Game Of Thrones Already Told Us How House Of The Dragon Ends (But That's Okay)

It won't surprise you to learn that Joffrey 'The Bastard King' Baratheon, aka one of the most-hated characters in modern TV, is still the absolute worst. His very long list of crimes includes murdering the honorable Ned Stark, torturing Sansa for seasons on end, treating everyone in his vicinity with vicious cruelty, threatening the innocent kitty, Ser Pounce, and a dozen other horrific moments that we've all tried to cleanse from our minds (RIP Ros). At some point, his offenses against humanity must end, right?! Especially since we all saw him choke to death on some pigeon pie like eight years ago.

But as it turns out, the little s*** has found a way to haunt us from beyond the grave.

During last week's controversial Q2 earnings call with Warner Bros. Discovery investors, CEO David Zaslav emphasized that excitement for "House of the Dragon" is continuing to build and mentioned (via Decider) that "rewatching of the original "Game of Thrones" is up dramatically on HBO Max." Fans heading back to Westeros probably assumed that they'd be safe from the threat of spoiler culture, but as we all know, Westeros is a dangerous land, where no one is ever safe ... unless they trade their humanity to become besties with a tree. Then they'll be fine.

But as for the rest of us, not even revisiting a story that takes place 200 years after "House of the Dragon" is safe. Don't get me wrong, It definitely should be —"Game of Thrones" was wrapped up before "House of the Dragon" was even fully conceived! There are two centuries separating their characters! But because he lacks any semblance of empathy (or understanding of spoiler culture), Joffrey once dropped a massive spoiler for a "House of the Dragon" with a random throwaway line.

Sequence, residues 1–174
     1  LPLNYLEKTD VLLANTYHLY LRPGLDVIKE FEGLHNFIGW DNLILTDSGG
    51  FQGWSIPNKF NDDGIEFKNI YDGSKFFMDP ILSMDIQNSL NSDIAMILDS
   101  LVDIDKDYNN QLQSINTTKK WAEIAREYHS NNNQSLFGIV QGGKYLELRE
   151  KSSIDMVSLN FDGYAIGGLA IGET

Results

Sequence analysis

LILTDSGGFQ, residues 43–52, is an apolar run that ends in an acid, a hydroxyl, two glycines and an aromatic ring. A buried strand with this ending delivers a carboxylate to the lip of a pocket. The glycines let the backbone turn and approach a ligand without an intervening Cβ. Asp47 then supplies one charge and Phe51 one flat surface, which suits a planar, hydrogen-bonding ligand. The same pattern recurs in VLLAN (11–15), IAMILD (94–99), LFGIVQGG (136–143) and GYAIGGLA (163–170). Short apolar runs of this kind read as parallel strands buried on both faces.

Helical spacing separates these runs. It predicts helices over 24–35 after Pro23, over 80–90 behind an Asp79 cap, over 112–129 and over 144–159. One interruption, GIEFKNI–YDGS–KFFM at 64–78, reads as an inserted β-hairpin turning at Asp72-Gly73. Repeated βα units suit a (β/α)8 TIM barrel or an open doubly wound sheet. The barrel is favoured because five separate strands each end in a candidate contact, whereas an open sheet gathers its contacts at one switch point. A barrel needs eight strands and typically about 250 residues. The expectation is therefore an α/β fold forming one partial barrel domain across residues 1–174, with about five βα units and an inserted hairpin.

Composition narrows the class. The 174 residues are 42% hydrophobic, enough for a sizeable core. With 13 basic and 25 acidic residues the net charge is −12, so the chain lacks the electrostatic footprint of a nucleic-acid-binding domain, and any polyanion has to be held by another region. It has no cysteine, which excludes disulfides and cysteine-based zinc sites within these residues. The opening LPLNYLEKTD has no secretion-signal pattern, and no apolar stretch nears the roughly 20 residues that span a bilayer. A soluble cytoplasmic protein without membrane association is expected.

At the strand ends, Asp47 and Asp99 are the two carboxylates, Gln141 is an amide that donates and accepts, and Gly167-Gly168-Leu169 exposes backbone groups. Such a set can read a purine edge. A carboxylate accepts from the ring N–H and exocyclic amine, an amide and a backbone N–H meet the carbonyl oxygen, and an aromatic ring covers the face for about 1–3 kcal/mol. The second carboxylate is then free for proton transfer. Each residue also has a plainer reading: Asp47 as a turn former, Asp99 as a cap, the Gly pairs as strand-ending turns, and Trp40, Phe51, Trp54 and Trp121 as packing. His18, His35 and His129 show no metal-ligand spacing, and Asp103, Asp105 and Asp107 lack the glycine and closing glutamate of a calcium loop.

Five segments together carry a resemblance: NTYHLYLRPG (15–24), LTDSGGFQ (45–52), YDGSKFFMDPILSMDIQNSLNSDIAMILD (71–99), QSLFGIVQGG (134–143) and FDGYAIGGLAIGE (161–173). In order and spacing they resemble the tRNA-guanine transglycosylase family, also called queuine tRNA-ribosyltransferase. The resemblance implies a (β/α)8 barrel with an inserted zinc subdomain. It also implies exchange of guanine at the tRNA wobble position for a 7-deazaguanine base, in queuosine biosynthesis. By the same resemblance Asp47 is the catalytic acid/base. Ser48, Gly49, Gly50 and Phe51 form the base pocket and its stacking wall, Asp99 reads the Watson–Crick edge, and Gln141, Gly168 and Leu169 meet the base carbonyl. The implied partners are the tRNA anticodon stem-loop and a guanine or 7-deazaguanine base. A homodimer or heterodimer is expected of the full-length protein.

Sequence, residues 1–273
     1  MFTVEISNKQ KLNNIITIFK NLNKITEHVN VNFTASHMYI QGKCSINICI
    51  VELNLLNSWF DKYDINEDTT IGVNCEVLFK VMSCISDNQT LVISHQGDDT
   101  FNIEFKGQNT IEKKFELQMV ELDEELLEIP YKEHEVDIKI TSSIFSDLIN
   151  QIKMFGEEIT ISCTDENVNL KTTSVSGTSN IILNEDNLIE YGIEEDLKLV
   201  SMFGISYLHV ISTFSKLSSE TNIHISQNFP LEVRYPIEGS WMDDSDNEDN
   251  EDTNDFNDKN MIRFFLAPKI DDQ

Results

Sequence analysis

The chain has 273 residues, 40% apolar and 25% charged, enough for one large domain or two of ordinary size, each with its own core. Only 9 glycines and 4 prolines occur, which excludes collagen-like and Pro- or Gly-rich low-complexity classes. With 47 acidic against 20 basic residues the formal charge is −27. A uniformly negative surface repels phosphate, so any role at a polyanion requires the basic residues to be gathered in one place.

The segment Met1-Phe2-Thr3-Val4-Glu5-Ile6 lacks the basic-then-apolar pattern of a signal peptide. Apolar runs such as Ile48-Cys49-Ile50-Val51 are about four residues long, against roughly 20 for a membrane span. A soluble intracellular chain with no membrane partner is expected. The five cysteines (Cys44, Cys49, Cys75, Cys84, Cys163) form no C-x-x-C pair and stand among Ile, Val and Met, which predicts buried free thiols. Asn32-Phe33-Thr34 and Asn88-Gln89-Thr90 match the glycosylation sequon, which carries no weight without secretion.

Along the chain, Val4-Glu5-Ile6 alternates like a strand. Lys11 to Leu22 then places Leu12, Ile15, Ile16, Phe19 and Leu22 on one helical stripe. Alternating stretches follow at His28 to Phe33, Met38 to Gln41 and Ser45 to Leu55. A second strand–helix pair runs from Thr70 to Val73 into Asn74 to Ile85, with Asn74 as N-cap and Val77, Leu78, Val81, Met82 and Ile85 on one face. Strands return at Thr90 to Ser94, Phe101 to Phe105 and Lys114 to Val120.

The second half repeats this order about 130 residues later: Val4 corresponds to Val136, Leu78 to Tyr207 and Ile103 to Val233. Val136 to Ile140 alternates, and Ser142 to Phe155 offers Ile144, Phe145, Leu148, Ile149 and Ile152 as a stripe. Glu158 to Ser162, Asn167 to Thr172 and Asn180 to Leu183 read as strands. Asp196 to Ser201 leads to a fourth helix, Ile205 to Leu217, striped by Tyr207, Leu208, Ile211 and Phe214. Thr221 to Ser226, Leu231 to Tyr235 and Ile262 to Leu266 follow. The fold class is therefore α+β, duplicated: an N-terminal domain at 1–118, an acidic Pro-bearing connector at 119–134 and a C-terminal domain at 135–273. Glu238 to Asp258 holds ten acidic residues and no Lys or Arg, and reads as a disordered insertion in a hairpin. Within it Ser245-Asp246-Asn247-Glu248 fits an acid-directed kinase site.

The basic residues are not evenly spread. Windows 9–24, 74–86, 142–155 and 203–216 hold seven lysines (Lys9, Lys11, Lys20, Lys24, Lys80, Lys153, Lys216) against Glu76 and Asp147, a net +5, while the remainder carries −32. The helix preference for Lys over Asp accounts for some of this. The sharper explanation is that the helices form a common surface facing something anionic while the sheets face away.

Spoiler warning: The following includes a spoiler for a major character death in George R.R. Martin's book "Fire and Blood," and potentially "House of the Dragon."

Oops! Joffrey spoiled a royal death

In the fourth episode of the third season of "Game of Thrones," Joffrey decides to woo his wife-to-be, Margaery Tyrell, by showing off his obsession with dead conquerors. In between marveling at bones and sharing stories of cruelty, Joffrey stops in front of a crypt grate and points to some unseen ashes. And like the charmless beast he is, he laughs as he drops a major spoiler for the upcoming prequel series:

"Rhaenyra Targaryen was murdered by her brother. Or rather, his dragon. It ate her while her son watched. What's left of her is buried in the crypts right down there."

Most of the folks who are pumped about "House of the Dragon" have already seen this scene, but at that point — unless you were familiar with "Fire and Blood," which wasn't even released when season 3 first premiered — the name Rhaenyra Targaryen (played by Emma D'Arcy in the new series) meant nothing. She was just a random ancestor of future conquerer Daenerys Targaryen. But now we're all pumped about the prequel, and we know her to be one of the major players in the Targaryen civil war. She's the princess and a potential heir to the Iron Throne. Her name now carries weight and context. And thanks to Joffrey, her ending has been revealed.